Prozac. Millions of Americans are on it. And just about everyone else is wondering if they should be on it, too. The claims of the pro-Prozac chorus are enticing: that it can cure everything from depression (the only disorder for which Prozac was originally approved) to fear of public speaking, PMS, obesity, shyness, migraine, and back pain—with few or no side effects. But is the reality quite different? At what price do we buy Prozac-induced euphoria and a shiny new personality?
Psychiatrist Peter Breggin, MD, and coauthor Ginger Ross Breggin answer these and other crucial questions in Talking Back to Prozac. They explain what Prozac is and how it works, and they take a hard look at the real story behind today’s most controversial drug:
Die Inhaltsangabe kann sich auf eine andere Ausgabe dieses Titels beziehen.
Peter R. Breggin, MD, is a psychiatrist in private practice in Ithaca, New York. He is the author of many scientific articles and more than twenty books, most recently Medication Madness: A Psychiatrist Exposes the Dangers of Mood-Altering Medications (2008). Many of his cutting-edge discoveries on the dangers of psychiatric drugs have been affirmed by recent scientific research and by FDA regulatory actions. He has taught at numerous universities and acts as an expert witness in legal cases involving harm done by psychiatric medication and electroshock.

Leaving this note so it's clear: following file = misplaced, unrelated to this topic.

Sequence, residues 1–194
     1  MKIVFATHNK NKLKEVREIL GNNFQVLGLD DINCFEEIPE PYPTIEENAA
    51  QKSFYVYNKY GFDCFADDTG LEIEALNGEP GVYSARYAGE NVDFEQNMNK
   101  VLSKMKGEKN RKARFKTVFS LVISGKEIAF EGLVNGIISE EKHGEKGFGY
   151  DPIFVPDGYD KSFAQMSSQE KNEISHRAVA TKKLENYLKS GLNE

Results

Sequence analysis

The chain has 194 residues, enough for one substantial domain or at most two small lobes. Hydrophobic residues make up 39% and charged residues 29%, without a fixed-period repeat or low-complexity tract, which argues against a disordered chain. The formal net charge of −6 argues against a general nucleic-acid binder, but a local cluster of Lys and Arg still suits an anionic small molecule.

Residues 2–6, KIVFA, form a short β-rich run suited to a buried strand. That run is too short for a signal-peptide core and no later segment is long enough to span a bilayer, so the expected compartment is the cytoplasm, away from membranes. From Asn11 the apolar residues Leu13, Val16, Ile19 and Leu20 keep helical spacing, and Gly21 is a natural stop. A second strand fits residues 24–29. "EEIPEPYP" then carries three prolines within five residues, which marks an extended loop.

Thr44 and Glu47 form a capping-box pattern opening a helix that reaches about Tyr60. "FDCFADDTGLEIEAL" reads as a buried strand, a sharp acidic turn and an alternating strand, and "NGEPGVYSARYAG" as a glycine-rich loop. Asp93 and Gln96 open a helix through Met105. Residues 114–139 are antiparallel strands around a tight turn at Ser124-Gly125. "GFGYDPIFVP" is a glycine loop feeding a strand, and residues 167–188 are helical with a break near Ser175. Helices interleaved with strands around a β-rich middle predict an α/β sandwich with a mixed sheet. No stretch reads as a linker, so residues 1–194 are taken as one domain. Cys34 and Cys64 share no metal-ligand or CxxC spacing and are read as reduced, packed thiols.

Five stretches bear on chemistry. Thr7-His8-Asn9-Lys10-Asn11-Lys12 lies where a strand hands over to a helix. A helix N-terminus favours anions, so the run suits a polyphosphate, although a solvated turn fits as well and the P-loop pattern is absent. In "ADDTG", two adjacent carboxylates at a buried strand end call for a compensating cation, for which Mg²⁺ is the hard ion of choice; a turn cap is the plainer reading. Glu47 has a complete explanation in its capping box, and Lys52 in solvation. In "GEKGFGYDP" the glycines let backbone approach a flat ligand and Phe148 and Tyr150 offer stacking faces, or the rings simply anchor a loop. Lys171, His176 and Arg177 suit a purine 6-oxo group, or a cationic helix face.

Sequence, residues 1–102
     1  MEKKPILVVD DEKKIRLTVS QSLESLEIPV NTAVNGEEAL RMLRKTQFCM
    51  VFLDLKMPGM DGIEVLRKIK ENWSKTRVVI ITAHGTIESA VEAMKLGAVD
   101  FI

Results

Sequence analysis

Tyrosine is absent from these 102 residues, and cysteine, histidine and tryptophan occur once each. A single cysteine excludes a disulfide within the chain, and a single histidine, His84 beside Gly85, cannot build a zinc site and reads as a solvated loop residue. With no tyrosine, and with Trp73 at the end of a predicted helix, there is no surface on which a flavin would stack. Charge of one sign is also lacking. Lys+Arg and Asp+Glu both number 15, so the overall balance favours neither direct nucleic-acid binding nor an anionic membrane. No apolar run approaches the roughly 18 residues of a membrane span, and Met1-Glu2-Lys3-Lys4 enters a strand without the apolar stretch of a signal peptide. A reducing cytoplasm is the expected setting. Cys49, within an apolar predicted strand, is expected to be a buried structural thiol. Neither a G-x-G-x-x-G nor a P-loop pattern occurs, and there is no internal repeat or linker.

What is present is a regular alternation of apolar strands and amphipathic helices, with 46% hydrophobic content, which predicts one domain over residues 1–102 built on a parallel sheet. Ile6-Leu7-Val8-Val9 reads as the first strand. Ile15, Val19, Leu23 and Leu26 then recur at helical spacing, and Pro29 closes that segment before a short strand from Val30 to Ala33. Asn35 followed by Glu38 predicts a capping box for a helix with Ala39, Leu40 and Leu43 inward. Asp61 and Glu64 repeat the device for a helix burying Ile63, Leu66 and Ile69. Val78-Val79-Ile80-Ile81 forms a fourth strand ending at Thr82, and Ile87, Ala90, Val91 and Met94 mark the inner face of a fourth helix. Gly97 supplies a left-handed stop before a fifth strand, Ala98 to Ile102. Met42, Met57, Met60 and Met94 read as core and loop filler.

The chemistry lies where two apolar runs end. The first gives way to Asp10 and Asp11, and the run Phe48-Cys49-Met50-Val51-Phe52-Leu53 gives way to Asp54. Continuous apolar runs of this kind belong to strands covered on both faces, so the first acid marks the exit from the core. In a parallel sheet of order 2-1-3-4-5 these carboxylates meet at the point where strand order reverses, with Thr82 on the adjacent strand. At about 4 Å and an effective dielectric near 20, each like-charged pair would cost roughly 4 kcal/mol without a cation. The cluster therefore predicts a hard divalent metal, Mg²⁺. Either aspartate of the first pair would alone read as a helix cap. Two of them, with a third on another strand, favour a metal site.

Ginger Ross Breggin has coauthored two books with her husband: the bestseller Talking Back to Prozac and The War Against Children of Color. She is also coeditor of Dimensions of Empathic Therapy. For more than a decade, she was director of the International Center for the Study of Psychiatry and Psychology, and she continues to contribute to her husband’s reform work. She cofounded the scientific journal Ethical Human Psychology and Psychiatry and was its first managing editor. She is also an award-winning photographer.
„Über diesen Titel“ kann sich auf eine andere Ausgabe dieses Titels beziehen.